December 3, 2009
What started for us as a mild obsession with food has morphed into a personal philosophy, a truism by which we weigh each new destination. If a people are happy eating, if they enjoy a variety of different flavors and techniques in their national cooking traditions, then very likely they themselves are also welcoming – with a full stomach and a warm heart they invite you to partake.
Traveling the way we do, living for eating, does make us miss out on some things. What may not show, is that we spend close to 60% of our day checking out restaurants, asking locals for advice, and cruising the web looking for tips. And eating! We’re never going hungry, as Jen pointed out. We sometimes choose our food hunts over cultural outings to museums, or scouting for that perfect postcard shot of our current worldwide stop. We might splurge most of our daily budget on a crazy food hunch or travel stall to stall snacking till bursting, and then spend the rest of the day walking it off.
But this form of travel presents many special surprises, and often gives us access to places far off the beaten path, and definitely outside the pages of the guidebook. It feels like inventing a new way to see the world, one that is constantly changing, adapting and spreading through word-of-mouth, no pun intended.
If you’re traveling for “authenticity,” the “It” trend among backpackers, then you can’t get much more entrenched than showing up in the doorway of an unmarked restaurant in some back alley — it’s absolutely spilling with patrons and not an English menu in sight. We learn languages, we make friends, we watch chefs chop and cook all while pinching ourselves for being so lucky to have these experiences.
Have you ever walked by a little closet of a restaurant and watched the cook perform some acrobatic feat when no one was watching? Tossing a pizza, flipping a pan of food or separating pasta into noodles by hand is an art of love that is unnecessary to the flavor but good for the soul. Look at the food culture where you are: Are there a lot of street stalls? Do locals grab cold wrapped sandwiches while sprinting to the subway or linger over dishes and drinks? Almost the most important question, is their market filled with raw food or dominated by prepackaged microwaveables?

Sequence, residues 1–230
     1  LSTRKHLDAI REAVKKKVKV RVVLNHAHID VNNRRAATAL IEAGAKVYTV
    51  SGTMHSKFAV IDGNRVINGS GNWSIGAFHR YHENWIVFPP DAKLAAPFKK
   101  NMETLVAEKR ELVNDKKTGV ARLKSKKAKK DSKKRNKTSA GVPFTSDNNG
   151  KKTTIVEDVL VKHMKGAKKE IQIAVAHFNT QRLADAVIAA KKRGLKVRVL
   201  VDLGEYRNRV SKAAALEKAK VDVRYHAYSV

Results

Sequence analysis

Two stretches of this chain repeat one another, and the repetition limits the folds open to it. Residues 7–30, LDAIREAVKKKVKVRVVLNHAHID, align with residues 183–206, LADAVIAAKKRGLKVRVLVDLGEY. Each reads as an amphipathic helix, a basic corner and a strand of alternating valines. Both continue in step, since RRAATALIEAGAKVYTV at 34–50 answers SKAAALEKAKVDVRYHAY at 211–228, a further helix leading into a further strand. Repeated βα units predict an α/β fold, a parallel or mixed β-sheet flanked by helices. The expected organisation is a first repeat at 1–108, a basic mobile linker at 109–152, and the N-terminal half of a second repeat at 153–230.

We’ve been happiest, without fail, in the places where people are proud of their food, and just love to eat. It’s a social thing. As much as we loved Amsterdam, for instance, it didn’t quite have that magic element of happy socializing that is present in Andalusia. No, we don’t need to stuff our face to be happy, but sharing delicious food, and the atmosphere a happy dinner can bring is unique, and it can say so much about a culture we’re just learning about.
Food isn’t just sustenance, fuel for the fire… it’s a key to connecting with exotic cultures, foreign faces and habits. Spices and cooking styles didn’t just manifest suddenly abroad, they came through trade, or by way of wars and empires. The nuts on your plate, or the rich buttery sauce it’s all in can hint at a history lesson you ought to be remembering. Living to eat may not be what your doctor wants to hear about, but it’s a pretty rock solid travel strategy for getting a crash course in culture.
They’re Living to Eat in:
Mexico Endless street eating, endless variety of homemade salsas, and lunch in someone’s living room
Peru 1000s of dishes make up their culinary traditions, with wide-ranging influences like China and Africa
Spain The country of Tapas: dishes made to share
Greece The Islands are carefully keeping cultural traditions alive for the city dwellers
Bavaria Giant communal tables that bring big eaters together over artery clogging love.
*China Again, street eating on a massive scale, family-style dinners and hundreds of dishes unique to each Province.
* Hopefully Asia will continue to give us food for thought. Our appetites are whet!
In a few weeks we’ll share some tips with how to make wise decisions while exploring the world of food, finding PCF (Perfect Cheap Food) and most importantly, how to stay healthy. So far we’ve only been down once, all while on the road for 8 months in 20 countries — we think we’re doing something right.
Share a Slice
Leave a comment. Your email is never published or shared. Required fields are marked *